Have you heard of Google’s Authorship program yet? Whether you’ve heard of it or not, you’ve likely seen its fruits in the search results. You know those listings that have a photo of the author next to them? Most likely they get that extra cool stuff because they’re using Rel=Author correctly and Google has accepted them to participate. Unfortunately, it’s been a bit hit-or-miss as to whether your content gets accepted or not. I saw mine accepted for a day or two many months ago, and then *poof!* it was gone. I reviewed their new guidelines recently, however, made a few changes, and sure enough, within a week or so, my content started showing up… yay!
While you may or may not get your content into the program, the only way to know is to try, and persistence is definitely a key.
If you’re thinking it’s just not worth the trouble, here are 5 reasons why it’s super important:
1. It’s Kinda Sorta Easy to Implement.
While it is a bit confusing to figure out exactly how to enable authorship based on Google’s directions (which seem to keep changing), in reality their latest criteria have made it easier than ever to implement.
I’m not going into the specifics on how to do it, because you can follow Google’s directions. Suffice it to say that the main things you need are a Google Profile page that links to the website where you have author status, and a link back from your website’s home page to your Google Profile page.
You can also have an “author page,” such as the About Us page on your website, as long as your Google profile page links to that page.
Once you’ve got that all implemented, every time you write an article, simply link your name in your byline to either your Google Profile page or your author page with the Rel=Author code, as I have here:
By Jill Whalen
Be sure to add the Rel=Author tag to as many of your old content articles as well, especially ones that you know show up well in the search results.
While Google has moved toward having you link directly to your Google Profile page in your Rel=Author links (as opposed to your author page) to make things less confusing, I still link to my author page, and it works fine.
If you go this route, be sure to follow their older, more confusing instructions as well.
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2. It Makes Your Content Stand Out.
Imagine if you could put big stars around your content listings in Google’s search results that everyone would see. Rel=Author does exactly that! Only it’s not stars, but your name and photo.
Before Rel=Author became widespread, only logged-in users and those who participated in social media might see a little profile photo of you if they happened to search on something that you had tweeted about. But with Rel=Author implemented correctly, even users who aren’t logged into their Google accounts or their social media accounts will still see the rich author information and photo .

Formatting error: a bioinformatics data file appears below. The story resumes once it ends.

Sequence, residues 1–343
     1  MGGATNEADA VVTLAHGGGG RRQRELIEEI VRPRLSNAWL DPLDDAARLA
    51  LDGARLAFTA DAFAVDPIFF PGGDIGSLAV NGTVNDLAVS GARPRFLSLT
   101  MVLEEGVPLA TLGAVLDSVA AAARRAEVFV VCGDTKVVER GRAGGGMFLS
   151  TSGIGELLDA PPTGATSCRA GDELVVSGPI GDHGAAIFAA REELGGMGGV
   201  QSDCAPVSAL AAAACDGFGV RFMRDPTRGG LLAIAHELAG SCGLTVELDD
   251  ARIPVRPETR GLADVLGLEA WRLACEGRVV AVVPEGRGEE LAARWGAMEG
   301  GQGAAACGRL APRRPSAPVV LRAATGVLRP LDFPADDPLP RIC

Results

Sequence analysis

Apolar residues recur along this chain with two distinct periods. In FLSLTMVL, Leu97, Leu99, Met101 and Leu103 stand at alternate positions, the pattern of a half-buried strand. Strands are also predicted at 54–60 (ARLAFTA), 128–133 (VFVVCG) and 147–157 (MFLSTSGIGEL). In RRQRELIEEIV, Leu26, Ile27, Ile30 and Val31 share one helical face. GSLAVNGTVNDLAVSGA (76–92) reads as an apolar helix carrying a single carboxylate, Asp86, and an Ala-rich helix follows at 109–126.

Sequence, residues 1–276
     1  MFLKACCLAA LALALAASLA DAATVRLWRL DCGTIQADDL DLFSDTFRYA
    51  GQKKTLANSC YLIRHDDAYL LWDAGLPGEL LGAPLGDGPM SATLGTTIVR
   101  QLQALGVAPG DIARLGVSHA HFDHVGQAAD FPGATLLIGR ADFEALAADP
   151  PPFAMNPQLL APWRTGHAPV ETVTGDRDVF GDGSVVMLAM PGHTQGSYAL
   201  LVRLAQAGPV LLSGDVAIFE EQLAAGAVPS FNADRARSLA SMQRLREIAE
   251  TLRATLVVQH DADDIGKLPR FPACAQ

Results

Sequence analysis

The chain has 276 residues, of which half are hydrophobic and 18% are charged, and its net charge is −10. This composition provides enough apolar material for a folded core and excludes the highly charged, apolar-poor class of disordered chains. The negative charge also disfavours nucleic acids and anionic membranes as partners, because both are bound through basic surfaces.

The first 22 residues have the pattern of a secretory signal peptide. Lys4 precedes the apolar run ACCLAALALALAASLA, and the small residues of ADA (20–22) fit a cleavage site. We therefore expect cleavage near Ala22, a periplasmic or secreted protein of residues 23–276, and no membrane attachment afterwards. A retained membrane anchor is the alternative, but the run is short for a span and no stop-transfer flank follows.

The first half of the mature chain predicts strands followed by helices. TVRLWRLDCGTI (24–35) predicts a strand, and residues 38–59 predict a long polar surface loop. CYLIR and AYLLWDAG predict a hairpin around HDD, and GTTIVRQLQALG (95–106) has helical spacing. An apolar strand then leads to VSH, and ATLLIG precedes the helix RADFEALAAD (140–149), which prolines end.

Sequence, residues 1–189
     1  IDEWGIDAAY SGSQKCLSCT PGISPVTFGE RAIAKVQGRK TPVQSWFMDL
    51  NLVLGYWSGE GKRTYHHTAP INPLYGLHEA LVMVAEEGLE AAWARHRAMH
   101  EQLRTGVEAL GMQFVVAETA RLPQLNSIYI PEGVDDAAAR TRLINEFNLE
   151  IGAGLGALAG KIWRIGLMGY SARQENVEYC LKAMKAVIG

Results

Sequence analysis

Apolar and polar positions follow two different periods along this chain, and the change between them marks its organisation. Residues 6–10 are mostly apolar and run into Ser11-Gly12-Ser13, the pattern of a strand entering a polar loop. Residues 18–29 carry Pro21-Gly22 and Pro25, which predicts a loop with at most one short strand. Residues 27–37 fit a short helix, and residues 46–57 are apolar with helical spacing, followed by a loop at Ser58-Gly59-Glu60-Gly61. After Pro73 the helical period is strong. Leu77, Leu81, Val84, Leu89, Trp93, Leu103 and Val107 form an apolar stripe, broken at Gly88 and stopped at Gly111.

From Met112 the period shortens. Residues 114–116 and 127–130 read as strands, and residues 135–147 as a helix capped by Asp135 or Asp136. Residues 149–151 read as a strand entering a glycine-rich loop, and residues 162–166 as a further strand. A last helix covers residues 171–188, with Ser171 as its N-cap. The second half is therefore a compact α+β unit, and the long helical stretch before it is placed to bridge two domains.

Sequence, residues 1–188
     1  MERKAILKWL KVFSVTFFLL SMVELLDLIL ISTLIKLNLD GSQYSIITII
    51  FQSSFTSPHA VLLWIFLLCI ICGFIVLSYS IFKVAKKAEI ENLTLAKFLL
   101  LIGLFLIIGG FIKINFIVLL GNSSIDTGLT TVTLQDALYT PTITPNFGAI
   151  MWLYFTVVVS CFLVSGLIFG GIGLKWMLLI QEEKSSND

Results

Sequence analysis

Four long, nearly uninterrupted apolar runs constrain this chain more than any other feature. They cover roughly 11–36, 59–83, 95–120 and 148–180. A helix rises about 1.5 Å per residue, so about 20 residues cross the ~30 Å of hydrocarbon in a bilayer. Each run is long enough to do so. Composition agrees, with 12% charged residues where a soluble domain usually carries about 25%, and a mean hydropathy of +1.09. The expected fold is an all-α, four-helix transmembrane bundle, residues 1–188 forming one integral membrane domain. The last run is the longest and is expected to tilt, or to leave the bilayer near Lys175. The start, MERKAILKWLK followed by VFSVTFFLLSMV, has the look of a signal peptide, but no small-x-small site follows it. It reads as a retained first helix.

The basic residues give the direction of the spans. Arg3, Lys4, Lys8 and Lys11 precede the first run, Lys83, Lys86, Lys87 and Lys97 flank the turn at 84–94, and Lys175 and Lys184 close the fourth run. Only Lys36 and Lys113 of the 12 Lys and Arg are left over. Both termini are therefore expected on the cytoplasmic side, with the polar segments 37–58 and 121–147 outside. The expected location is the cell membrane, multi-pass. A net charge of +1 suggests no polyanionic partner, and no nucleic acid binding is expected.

This is huge, folks, and this reason alone makes it worth figuring out the implementation.
3. Provides Credibility And More Exposure.
Beyond just seeing my smiling face in the listings for my content, as you can see in this screenshot, Google is also showing how many people have circled me on Google+ as well as a “More by Jill Whalen” link. Clicking that link shows more information about me from my Google Profile, plus posts I’ve made on Google+ related to the search query, and all the other articles that I’ve written on the subject.
I’ve also seen them show articles others have written on the subject that reference me in one way or another.
4. Higher Clickthrough Rate.
I’d say this one goes without saying, due to all of the above factors. It would be difficult to *not* click on the listing that Google is screaming for you to click on. Time will tell on this one, but so far it appears that since my authorship status started to show up in the Google results (it’s less than 2 weeks now), I’ve been getting more traffic for certain articles.
5. Additional Metrics in Webmaster Tools.
As if all of the above weren’t enough, once you have your authorship up and running and showing up in Google results, you’ll also see new author stats in your Webmaster Tools account . (Look under “Labs.”) The information there shows you approximately how many times each of your content pages showed up in the search results (impressions) and approximately how many times it was clicked on, along with other interesting details that you can’t really get elsewhere.
Of course, Google has their own selfish reasons for giving us all of this awesomeness. Their number-one priority this year is Google+ and all that surrounds it. Rel=Author provides anyone who creates online content with a darn good reason (make that 5!) to create a Google Profile. And the more people who do that, the more who might start using Google+, especially if they want to get those circle numbers up as mentioned in #3 above.
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